TAMPA — One vote down. One to go.
On Wednesday, Hillsborough County commissioners unanimously approved a proposal designed to do two big things.
First, it would steer more property tax revenues generated within Tampa's downtown community redevelopment area, or CRA, to county government.
Also, it would set aside up to $100 million in city and county funds to support high-profile downtown redevelopment projects over the next three decades.
The deal comes via the renewal of CRAs for seven areas inside the city of Tampa, including downtown, the Channel District, Ybor City and east Tampa.
Along with extending the life of several CRAs, commissioners agreed to the creation of an eighth in West Tampa. The City Council is scheduled to vote on the changes on Oct. 23.
The 870-acre downtown CRA generates the most money, about $15 million a year.
Currently, most of the $15 million is used to repay bonds for the Tampa Convention Center. Next year, though, that debt will be paid off.
Since the 1980s, the county has agreed to turn over all its share of downtown redevelopment funds to the city to use on CRA projects.
Under the proposed renewal, the downtown CRA would be extended through 2043, but the county's total contribution to future CRA projects would be capped at $50 million, matched by a like amount from the city.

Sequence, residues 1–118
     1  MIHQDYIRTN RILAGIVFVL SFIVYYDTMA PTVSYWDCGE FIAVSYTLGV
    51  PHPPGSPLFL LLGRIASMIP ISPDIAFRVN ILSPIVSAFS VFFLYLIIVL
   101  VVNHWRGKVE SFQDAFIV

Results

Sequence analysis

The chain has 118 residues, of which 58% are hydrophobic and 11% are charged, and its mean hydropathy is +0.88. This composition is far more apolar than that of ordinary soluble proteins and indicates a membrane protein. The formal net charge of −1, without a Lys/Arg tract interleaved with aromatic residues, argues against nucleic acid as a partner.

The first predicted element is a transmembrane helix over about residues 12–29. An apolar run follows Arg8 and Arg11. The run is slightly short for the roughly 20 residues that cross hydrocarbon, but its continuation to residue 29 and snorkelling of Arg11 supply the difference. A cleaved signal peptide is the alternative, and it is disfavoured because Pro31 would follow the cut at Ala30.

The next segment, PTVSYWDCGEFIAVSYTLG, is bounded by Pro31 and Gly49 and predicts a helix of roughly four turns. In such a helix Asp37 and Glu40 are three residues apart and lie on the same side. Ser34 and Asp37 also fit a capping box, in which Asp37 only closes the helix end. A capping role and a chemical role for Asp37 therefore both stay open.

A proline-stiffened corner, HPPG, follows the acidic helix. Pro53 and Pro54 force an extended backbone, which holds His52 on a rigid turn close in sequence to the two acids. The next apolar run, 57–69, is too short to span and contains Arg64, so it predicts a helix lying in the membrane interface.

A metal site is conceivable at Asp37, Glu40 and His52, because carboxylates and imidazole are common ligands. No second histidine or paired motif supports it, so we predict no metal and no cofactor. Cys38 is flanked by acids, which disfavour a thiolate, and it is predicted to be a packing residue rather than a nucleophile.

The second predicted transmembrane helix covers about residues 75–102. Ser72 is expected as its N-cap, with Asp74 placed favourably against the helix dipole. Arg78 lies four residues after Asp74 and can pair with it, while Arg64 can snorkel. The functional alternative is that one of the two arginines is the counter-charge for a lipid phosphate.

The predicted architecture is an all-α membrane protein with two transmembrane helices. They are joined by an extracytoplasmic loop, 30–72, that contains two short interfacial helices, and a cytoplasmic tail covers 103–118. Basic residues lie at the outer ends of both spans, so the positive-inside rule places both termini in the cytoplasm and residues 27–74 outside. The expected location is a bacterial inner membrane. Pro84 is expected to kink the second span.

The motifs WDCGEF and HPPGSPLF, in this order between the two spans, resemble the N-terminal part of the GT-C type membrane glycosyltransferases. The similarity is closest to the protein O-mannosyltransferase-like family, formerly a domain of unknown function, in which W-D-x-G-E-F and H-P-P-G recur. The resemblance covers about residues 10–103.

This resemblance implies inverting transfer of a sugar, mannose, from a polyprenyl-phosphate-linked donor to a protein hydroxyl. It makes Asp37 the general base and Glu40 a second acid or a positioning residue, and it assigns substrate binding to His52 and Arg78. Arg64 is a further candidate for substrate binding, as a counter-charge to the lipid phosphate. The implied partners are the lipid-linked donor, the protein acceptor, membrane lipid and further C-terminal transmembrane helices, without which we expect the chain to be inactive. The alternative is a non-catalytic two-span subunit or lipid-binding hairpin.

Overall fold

Not only that, but county money would be committed only after city and county officials entered into a separate redevelopment project agreement, to be negotiated by May.
The project agreement would spell out the agreed-upon uses for the money. If there was no agreement reached, the county would not contribute any of its share of the downtown redevelopment funds.
During the proposed 28-year term of the extension, the county has estimated that it would expect to keep at least $280 million more than it gets under its current agreement with the city.
First in line for CRA funds is expected to be Tampa Bay Lightning owner Jeff Vinik's much-discussed plan for a new downtown entertainment district. Vinik's properties, except for Channelside Bay Plaza, are in the downtown CRA.
Vinik and University of South Florida administrators have been talking about including a new building for USF's College of Medicine as part of the project, and Commissioner Sandra Murman said she hopes they will.
Another possibility: that CRA funds could pay for infrastructure needed for a downtown Tampa baseball stadium for the Tampa Bay Rays, assuming they move out of St. Petersburg.
CRA funds must be spent in the area where they are generated. They can pay to build or realign roads, improve drainage, water and sewer, provide parking or landscaping, or do other infrastructure projects needed to facilitate private development.